Potential Case Positions

Pro

1. Money = Power – This is a fairly obvious and straightforward position. It’s no secret that people with more money can have a larger political presence. They can run more effective campaigns and eventually get more votes, not to mention have more leverage with political interests and such. So, if the vast majority of wealth is concentrated to such a few people, then we are effectively left with an oligarchy, with only a select number of people continually inheriting political dominance (Bush family, Clinton family, Kennedy family). This system threatens democratic ideals because it harms everyone else’s right to speech, right to political participation, right to equality under the law, and effectively the right to choose their leaders as well.

2. The Institutions of Democratic Mechanics are Threatened - With money becoming more concentrated, political mechanics occur less and less in democratic ways such as through town hall meetings, open elections, debates, and actual merit based politiking. Instead, economic institutions and factors such as interests, media campaigns, and political contributions become more important because they lead to demonstrably more political success. Citizens, therefore, engage in the political process through lobbying, donating money, or not doing anything because they feel as if they cannot make a difference. This threatens democratic ideals because it damages the fundamental operational foundations of a democratic government and society.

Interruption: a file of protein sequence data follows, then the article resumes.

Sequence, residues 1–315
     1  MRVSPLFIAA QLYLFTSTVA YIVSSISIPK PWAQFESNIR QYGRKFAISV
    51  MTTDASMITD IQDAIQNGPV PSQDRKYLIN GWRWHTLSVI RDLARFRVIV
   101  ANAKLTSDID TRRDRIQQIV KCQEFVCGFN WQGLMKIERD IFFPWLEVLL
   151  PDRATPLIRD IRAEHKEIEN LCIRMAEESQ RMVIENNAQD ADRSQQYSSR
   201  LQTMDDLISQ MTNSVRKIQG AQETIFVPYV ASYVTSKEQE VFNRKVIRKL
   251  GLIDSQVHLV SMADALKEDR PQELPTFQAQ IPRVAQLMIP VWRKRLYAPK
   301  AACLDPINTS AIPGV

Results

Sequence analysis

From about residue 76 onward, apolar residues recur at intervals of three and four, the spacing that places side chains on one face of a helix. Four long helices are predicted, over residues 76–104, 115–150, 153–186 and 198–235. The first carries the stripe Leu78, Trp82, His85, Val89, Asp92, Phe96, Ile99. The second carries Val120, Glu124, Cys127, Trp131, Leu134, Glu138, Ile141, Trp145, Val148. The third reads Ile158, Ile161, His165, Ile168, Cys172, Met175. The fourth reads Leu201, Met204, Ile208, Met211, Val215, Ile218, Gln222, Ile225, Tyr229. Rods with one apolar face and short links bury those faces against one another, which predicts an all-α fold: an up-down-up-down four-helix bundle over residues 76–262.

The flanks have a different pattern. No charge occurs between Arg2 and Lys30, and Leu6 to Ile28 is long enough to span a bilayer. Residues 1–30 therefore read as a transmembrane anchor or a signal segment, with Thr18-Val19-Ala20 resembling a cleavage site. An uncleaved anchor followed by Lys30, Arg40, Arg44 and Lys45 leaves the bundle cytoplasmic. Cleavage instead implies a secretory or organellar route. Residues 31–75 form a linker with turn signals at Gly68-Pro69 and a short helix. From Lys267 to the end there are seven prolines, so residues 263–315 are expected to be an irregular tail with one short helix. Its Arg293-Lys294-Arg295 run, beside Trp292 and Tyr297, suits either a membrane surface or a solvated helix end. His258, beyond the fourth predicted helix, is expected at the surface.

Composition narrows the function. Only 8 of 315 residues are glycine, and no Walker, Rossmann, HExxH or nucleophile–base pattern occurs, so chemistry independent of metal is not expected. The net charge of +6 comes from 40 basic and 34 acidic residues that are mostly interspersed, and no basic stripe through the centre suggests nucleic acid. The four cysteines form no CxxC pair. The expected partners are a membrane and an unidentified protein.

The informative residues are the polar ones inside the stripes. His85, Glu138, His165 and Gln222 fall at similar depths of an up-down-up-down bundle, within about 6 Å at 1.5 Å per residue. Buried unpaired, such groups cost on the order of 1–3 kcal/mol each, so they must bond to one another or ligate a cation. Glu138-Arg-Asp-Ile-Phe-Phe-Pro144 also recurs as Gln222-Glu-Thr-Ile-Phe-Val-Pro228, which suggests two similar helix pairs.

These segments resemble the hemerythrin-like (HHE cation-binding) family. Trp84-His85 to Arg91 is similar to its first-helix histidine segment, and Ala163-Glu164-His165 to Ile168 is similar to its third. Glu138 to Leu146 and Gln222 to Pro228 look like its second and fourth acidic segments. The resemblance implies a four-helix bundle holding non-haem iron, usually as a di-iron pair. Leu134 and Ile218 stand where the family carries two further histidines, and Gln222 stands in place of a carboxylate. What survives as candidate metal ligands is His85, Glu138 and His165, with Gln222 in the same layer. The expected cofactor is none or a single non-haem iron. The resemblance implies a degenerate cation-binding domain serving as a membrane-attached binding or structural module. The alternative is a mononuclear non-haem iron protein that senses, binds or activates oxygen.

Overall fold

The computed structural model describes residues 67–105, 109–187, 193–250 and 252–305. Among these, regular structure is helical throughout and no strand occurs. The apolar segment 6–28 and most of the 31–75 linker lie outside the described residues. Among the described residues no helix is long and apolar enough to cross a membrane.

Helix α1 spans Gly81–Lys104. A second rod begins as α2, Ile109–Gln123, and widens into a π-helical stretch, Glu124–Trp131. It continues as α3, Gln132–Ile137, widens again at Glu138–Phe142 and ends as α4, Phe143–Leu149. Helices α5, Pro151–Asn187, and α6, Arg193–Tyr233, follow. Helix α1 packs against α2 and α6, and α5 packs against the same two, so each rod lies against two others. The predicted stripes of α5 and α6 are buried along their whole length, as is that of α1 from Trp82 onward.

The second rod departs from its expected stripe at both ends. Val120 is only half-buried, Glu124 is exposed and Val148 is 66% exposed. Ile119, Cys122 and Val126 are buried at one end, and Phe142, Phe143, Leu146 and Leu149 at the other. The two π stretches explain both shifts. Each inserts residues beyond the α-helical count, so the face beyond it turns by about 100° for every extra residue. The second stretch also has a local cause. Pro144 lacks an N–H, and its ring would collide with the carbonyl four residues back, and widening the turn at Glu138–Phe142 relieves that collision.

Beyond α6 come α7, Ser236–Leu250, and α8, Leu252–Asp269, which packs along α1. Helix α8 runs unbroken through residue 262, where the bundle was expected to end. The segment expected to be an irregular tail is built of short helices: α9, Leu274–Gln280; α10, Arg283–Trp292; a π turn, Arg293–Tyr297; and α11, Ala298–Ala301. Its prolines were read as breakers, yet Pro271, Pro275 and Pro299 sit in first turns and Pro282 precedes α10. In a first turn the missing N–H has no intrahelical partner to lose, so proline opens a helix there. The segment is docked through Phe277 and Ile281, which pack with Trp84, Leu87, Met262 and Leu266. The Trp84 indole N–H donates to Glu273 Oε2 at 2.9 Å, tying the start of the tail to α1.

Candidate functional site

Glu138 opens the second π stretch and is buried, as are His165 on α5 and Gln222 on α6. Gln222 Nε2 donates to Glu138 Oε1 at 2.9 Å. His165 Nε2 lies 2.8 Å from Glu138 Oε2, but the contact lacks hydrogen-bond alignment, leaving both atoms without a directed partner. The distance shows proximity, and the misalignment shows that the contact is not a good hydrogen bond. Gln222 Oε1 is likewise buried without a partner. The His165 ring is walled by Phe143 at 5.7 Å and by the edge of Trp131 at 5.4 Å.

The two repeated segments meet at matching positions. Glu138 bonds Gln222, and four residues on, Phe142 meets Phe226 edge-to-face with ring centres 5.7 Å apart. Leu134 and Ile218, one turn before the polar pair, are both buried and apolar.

Con

1. Free competition is a Democratic Ideal - Obviously, a democratic society encourages property rights, liberty, and open competition. Inevitably, this leads to income disparities because some people will be more successful than others, and they should be rewarded for that success. It therefore becomes sort of oxymoronic to say that open competition threatens democratic ideals, because it is the same as saying democratic ideals threaten democratic ideals.

2. In the Internet Age, Finances Become Less Relevant - Democratic ideals rest upon the idea that everyone can have their voice heard, and everyone can engage in the political process. We live in an age of blogs, facebook, and open communication. Therefore, to claim that money is a significant hindrance to democratic participation is absurd. Even those without money have avenues through which their voices can be heard. This position can be particularly powerful if you use examples of successful bloggers, independent filmmakers, etc… who have managed to have a significant political impact without lots of monies at their disposal.

These are just a few thoughts to get you started. I hope they help, and good luck :)